Cancer patient encourages others to fight

Published 9:24 pm Wednesday, April 19, 2017

While she fights cancer for the third time, a Suffolk woman is supporting other cancer patients with encouragement and gifts.

Phyllis Walker is 45 years old and has been fighting her cancer for five years. But even in the midst of her own battle, she finds time to brighten the lives of others who suffer from the debilitating effects of the disease and its treatments. When she is between treatments, she puts together gift bags for other cancer patients she meets in Suffolk.

The trunk of her car is filled with bags of useful supplies and heartwarming gifts for cancer patients.

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When she receives chemotherapy at the Virginia Oncology Office, she ready is to give a bag and talk to her fellow patients about their battles. Some are starting their first treatments.

“I see someone who looks like they’re getting chemo for the first time, and I talk to them,” Walker said. “I try to encourage them.”

Walker was first diagnosed with breast cancer in 2012. After years of hospital treatment and remission, her breast cancer returned in 2015 and spread to her liver. She said her doctors did not give her good odds to survive the necessary procedures.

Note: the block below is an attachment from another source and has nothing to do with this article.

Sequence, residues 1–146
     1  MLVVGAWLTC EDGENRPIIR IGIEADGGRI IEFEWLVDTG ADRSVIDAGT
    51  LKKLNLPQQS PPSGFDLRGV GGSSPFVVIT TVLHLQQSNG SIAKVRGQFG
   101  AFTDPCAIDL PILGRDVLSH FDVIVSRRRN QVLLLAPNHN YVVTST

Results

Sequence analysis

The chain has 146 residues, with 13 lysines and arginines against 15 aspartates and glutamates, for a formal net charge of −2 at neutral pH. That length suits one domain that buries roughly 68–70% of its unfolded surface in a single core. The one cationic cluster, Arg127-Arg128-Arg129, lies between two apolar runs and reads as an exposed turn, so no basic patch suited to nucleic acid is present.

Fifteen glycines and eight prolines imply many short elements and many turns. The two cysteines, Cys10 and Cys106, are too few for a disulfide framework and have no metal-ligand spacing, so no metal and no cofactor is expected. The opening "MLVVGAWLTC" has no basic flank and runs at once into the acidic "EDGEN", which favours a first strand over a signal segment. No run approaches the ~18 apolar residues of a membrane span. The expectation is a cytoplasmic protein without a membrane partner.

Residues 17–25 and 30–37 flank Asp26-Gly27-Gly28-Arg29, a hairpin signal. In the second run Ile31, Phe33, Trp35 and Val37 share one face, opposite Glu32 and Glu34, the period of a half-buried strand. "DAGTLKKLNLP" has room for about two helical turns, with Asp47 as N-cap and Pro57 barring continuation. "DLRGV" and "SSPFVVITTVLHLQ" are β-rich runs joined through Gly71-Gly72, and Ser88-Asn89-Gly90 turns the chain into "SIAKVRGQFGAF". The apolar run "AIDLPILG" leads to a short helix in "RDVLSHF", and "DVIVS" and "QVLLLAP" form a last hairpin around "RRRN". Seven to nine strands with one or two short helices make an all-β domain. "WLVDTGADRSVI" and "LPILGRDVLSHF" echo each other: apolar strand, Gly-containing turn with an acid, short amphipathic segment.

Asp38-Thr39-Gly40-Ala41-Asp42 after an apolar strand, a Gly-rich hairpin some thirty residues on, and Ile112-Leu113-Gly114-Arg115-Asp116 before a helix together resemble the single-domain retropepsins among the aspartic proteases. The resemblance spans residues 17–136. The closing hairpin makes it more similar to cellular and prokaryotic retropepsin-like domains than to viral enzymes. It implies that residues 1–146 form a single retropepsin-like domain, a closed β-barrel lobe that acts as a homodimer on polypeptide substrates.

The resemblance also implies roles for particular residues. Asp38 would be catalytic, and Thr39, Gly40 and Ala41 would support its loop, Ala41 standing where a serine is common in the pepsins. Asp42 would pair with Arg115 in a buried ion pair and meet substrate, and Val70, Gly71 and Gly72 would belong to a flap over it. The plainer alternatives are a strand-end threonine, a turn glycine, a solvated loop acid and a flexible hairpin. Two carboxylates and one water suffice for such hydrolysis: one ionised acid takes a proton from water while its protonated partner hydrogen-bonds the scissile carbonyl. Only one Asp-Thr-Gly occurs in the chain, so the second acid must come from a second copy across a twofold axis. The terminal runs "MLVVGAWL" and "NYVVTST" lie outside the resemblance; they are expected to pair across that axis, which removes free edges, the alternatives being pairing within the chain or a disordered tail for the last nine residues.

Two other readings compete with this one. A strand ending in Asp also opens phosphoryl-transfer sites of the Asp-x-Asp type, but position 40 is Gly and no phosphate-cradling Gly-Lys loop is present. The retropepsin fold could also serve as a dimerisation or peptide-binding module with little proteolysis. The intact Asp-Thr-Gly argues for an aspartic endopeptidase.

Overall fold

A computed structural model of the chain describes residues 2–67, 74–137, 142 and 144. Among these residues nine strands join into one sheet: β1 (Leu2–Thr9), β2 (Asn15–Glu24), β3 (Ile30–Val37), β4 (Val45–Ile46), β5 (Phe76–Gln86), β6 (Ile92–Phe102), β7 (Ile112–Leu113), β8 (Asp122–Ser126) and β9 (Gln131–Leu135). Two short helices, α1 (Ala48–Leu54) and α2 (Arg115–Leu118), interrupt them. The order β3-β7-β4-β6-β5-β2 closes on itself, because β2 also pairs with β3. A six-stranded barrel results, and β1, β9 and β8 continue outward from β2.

She defied those odds and kept fighting.

“Twice they didn’t think I would make it, but here I am,” she said.

The third diagnosis came in 2016. Her liver cancer had returned and spread to her lungs. The treatments continue to fatigue, dehydrate and sap her body of energy.

“You feel like the life has been sucked out of you,” she said.

But she refuses to give up, and she encourages other cancer patients to have the same attitude.

“Everybody wants to give up sometimes,” she said. “Even I want to give up sometimes.”

Her gift bags include journals and notebooks for patients to take notes as they visit doctors. Fuzzy socks help patients stay warm when the chemo treatment rooms are cold. There are also blankets for both the parents fighting cancer and their children.

“I tell them to give them to your children and tell them it has their hugs and kisses in it; it gives the children security,” she said.

She received 15 blankets as a donation from a local Five Below the day before Christmas. She said a friend of hers that volunteers at Virginia Oncology gave out 100 bags during the holiday season.

Walker has two others assisting with prayer shawls and T-shirts. She met one supporter at a breast cancer support group and the other through one of her gift bags. She said the prayer shawls are beautiful and popular with patients.

“I don’t have the energy, so I have other people help me with things,” she said.  “My energy is for my kids.”

Walker and her “wonderfully supportive” husband Jonathan will celebrate their 20th anniversary in May. They have two children, 10-year-old Josiah and 8-year-old Emily.

“My kids sleep with their prayer shawls,” Phyllis said.

She tells first-time cancer patient that if she can do it three times, they can it once. Some have called her an angel.

“God had wanted me to encourage these people — that’s the way I feel,” she said.

Prayer shawls, T-shirts, restaurant coupons, and other donations are encouraged to support her efforts. Email to find out more.